The Collective Consultation of NGOs (CCNGO) for Education 2030 met in Cambodia recently for their first global meeting on the implementation of the SDGs, and on Goal 4 in particular. They stated in their final declaration: “Inclusion and gender equality remain at the heart of the 2030 Agenda. We call on governments to step up their efforts to ensure inclusive education, in particular paying attention to gender equality, disability, migrants and refugees, respect for diversity, including human rights for LGBTQI, by addressing discriminatory policy and practice, access, curriculum, learning and teaching processes.” (CCNGO 2017)
It has often been said that education and lifelong learning are cross-cutting issues for the successful implementation of all the SDGs. Another important component relates to teaching and learning, at all levels and ages, about the SDGs as a special support towards its implementation. Here UNESCO has just published a very helpful resource book entitled Education for Sustainable Development Goals. Learning Objectives. It includes ideas and suggestions on key competences; cognitive, socio-emotional behavioural learning objectives; topics, approaches and methods. (UNESCO 2017)
Diversity has different approaches in the educational subdisciplines (Baader 2013; Vertovec 2015). We can state that, for adults and lifelong learning in adult and continuing education, diversity forms an individual configuration like an individual signature in a third social space. Part of this space is the connection between the individual and the lifeworld. The habitus is also part of the signature as a result of socialisation. The structural core within the signature is formed by diversity aspects such as gender, age, generation, social background, social milieu, qualification background, religion and capabilities. These aspects form part of the habitus which constitutes the final shape of diversity configurations (Robak 2013).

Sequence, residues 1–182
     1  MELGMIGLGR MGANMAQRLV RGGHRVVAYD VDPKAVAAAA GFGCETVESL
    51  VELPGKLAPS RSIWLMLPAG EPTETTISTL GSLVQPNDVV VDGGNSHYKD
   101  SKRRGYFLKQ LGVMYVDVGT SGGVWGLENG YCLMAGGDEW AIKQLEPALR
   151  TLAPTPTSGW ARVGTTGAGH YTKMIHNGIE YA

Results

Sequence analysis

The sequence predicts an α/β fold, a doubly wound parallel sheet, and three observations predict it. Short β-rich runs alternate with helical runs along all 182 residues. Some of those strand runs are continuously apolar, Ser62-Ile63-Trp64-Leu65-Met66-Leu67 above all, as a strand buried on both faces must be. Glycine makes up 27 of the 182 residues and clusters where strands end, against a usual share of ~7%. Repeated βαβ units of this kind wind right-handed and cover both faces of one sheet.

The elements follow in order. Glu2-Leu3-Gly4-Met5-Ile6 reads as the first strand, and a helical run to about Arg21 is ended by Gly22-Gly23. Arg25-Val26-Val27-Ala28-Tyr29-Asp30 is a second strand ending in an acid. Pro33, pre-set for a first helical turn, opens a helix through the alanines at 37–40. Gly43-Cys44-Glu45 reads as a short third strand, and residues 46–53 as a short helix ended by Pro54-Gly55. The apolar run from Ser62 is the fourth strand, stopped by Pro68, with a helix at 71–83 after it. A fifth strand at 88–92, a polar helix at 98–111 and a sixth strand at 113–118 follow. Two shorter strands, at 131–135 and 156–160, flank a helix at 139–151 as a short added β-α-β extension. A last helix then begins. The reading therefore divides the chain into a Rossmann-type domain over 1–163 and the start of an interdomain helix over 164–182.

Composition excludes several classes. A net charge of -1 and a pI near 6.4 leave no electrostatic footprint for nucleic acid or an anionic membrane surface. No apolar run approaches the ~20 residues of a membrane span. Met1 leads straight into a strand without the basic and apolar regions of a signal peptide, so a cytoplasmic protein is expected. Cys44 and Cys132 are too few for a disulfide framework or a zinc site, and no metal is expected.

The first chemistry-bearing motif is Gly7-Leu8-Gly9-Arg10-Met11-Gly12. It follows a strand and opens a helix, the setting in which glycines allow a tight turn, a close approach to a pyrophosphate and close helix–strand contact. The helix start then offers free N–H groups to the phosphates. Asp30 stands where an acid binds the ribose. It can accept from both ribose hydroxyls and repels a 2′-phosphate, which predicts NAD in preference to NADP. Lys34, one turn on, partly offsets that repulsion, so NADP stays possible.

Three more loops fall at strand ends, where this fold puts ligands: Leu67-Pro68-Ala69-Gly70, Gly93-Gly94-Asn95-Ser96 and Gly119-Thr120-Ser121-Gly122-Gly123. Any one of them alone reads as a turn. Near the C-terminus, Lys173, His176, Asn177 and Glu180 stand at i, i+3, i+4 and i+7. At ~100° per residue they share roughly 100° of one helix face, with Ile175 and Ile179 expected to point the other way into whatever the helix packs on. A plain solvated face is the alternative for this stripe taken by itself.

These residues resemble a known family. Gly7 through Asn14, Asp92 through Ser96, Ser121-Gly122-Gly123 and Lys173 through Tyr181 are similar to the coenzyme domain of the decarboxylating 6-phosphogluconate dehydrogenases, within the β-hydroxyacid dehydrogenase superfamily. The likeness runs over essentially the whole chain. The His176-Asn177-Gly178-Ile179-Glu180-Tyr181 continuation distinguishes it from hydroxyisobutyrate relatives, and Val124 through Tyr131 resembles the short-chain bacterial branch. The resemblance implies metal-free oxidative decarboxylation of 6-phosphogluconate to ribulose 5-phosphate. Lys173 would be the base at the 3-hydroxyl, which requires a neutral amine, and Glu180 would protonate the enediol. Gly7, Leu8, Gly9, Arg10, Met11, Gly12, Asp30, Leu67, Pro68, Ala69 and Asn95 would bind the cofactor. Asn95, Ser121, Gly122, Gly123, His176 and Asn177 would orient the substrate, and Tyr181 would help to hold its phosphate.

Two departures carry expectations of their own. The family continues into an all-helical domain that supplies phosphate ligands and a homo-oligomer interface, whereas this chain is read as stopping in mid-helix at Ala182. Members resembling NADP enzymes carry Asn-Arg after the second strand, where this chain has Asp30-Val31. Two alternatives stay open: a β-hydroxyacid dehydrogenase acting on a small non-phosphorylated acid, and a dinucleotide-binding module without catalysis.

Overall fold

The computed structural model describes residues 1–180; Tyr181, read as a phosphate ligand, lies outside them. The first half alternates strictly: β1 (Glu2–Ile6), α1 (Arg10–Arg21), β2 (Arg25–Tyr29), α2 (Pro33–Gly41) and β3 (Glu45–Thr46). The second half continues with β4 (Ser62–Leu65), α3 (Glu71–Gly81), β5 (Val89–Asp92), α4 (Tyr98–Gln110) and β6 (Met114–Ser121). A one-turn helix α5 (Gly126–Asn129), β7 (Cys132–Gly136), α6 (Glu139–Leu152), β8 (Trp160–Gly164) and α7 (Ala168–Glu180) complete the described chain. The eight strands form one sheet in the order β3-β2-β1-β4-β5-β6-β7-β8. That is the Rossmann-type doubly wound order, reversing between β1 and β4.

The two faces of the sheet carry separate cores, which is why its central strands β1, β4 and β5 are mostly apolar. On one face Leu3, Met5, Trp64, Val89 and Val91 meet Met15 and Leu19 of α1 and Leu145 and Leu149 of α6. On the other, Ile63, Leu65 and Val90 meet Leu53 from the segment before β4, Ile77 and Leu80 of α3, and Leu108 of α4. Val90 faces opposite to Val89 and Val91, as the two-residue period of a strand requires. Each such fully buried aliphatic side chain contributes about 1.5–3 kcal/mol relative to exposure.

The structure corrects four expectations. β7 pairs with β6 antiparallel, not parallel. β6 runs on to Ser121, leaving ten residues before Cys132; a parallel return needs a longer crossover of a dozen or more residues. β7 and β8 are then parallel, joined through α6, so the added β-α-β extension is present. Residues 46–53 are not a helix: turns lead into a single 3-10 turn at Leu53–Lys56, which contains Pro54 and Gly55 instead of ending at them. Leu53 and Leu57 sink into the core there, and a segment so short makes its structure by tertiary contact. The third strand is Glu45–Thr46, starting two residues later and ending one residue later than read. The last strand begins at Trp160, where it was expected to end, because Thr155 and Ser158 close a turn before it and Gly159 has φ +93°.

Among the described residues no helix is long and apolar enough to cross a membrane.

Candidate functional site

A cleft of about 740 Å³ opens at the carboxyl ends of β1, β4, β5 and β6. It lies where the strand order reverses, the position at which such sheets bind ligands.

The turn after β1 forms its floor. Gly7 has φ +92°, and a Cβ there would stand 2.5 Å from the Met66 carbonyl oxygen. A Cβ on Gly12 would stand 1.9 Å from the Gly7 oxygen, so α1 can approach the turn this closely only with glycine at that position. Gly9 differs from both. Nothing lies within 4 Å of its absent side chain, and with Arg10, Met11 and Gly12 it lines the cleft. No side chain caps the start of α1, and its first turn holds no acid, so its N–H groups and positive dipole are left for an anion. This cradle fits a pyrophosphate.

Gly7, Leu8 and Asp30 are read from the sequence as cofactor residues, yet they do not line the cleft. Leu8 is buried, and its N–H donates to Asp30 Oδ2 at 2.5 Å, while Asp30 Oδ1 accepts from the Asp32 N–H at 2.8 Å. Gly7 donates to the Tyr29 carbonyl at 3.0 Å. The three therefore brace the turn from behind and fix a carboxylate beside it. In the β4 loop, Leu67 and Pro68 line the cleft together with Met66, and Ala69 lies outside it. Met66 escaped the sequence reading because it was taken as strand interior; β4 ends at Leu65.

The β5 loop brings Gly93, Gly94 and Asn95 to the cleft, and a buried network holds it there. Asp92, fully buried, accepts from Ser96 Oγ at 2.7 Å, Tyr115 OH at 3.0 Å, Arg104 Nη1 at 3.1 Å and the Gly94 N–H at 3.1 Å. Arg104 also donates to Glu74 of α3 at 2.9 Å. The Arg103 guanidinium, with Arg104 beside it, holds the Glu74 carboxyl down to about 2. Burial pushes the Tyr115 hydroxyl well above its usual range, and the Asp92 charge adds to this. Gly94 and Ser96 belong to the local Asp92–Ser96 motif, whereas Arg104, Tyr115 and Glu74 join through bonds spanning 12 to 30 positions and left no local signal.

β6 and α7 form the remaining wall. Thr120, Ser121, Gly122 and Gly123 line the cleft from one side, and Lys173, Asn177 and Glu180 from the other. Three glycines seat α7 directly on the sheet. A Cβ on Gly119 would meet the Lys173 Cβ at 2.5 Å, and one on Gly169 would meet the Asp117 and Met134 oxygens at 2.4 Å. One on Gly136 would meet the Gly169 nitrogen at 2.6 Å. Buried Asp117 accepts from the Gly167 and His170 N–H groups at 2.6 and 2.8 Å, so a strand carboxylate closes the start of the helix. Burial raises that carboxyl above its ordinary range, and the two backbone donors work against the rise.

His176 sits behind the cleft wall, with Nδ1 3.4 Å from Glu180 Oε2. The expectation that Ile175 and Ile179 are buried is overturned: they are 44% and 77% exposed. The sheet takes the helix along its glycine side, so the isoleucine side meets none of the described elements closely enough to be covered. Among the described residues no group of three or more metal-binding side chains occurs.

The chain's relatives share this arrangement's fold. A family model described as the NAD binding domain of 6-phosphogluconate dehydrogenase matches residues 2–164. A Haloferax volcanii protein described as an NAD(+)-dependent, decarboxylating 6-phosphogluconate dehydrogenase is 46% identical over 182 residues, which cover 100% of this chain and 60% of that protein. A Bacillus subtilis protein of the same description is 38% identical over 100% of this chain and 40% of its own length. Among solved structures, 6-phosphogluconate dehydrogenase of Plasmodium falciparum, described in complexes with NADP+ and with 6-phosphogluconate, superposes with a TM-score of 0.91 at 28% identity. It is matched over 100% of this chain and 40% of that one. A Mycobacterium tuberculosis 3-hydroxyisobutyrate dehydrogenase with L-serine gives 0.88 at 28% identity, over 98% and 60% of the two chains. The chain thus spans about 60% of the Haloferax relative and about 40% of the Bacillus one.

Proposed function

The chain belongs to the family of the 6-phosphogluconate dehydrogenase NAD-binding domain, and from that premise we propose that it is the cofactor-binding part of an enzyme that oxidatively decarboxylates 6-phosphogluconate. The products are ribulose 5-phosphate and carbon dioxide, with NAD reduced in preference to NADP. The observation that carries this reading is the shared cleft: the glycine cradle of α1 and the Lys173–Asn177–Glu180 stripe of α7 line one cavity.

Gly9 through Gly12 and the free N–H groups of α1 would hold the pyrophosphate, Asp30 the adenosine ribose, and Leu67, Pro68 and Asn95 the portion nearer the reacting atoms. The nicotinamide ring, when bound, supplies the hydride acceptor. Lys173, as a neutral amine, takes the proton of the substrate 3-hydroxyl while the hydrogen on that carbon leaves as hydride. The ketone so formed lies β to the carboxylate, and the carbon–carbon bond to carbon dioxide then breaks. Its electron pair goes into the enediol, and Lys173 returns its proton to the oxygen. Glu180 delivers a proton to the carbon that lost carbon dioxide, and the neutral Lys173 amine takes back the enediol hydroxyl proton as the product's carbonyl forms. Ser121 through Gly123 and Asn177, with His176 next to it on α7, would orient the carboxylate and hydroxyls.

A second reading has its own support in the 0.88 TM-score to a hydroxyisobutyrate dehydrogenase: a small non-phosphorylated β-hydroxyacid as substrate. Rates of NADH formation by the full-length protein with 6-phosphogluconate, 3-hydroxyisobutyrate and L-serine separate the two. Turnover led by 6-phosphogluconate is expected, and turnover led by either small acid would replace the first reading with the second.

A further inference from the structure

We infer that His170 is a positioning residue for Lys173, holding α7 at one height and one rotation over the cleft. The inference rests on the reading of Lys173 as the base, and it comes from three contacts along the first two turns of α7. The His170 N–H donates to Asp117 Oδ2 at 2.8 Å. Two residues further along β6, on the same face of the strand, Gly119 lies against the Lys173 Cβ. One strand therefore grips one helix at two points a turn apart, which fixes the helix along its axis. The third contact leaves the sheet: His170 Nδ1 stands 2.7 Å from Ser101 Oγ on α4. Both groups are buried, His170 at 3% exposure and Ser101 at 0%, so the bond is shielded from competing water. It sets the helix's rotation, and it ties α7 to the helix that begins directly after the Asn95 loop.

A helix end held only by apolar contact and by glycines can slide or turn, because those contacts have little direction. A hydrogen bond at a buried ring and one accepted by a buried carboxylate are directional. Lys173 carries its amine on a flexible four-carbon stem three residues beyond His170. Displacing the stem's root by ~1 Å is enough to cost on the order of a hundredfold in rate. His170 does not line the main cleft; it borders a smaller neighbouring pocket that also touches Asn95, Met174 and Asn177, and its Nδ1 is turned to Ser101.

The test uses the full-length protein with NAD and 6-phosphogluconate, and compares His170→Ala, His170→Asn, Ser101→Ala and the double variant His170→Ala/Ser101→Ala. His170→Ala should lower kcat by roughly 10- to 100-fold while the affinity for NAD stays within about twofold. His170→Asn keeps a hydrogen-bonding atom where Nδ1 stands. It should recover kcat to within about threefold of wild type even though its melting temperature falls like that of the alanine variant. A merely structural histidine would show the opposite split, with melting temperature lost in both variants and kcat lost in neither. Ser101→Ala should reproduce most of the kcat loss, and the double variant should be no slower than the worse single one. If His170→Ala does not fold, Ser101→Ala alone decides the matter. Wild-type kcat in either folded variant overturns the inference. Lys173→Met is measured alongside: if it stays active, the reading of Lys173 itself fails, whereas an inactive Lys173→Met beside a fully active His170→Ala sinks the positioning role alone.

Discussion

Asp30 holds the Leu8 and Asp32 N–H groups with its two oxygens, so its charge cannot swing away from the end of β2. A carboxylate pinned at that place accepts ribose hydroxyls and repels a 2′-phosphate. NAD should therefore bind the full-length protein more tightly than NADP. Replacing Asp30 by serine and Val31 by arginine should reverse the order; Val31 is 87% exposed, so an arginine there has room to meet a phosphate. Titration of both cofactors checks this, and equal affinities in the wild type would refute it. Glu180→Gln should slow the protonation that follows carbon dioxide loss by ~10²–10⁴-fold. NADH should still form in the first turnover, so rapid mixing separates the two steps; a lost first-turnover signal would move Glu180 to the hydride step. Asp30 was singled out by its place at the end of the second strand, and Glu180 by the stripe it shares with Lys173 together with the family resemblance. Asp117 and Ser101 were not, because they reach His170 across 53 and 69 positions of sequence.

The other sub-disciplines emphasise different aspects, but they all agree that diversity education is to be conceptualised in two directions: On the one side, diversity education counteracts inequality, and on the other side it supports and empowers the individual to create his or her competences, interests, capabilities and personality.
Inclusion can be one answer to shape inclusive societies, recognising diversity and care for the opportunities and challenges of a globalised world. Different perspectives of inclusion will be shown below from an educational perspective. All of these form an integrated conceptualisation for inclusive education:
1. One approach comes directly from the Convention on the Rights of Persons with Disabilities. Inclusion addresses persons with physical and mental disabilities, and disabilities that occur because of stigmatisation processes. This approach of inclusive education aims to enable them to participate more in society and to enhance their participation behaviour in education. Monitoring data show that not only disabilities, but also factors such as health, employment and basic qualification background, are crucial to partaking of an inclusive society (Schmidt-Hertha, Tippelt 2013).